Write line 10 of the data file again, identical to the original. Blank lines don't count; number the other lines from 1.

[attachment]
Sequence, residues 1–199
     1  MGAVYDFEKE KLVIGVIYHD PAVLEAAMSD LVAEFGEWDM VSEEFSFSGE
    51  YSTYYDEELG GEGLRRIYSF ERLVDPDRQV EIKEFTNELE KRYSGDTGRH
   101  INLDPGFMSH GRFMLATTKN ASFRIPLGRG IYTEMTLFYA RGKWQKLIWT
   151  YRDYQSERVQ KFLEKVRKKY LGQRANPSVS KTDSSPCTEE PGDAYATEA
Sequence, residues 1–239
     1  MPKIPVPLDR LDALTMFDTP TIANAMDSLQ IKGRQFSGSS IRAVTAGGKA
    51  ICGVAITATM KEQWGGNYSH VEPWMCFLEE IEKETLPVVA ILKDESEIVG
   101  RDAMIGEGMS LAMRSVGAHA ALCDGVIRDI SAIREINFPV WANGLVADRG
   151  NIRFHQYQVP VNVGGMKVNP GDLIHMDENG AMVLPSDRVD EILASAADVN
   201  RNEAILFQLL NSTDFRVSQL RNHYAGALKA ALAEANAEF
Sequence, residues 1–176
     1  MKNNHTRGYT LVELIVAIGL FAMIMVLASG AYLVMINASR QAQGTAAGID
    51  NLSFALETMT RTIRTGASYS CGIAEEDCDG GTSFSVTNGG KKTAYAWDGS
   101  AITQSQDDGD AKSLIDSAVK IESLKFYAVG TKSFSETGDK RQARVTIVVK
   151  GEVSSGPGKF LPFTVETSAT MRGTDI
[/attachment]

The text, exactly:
   151  NIRFHQYQVP VNVGGMKVNP GDLIHMDENG AMVLPSDRVD EILASAADVN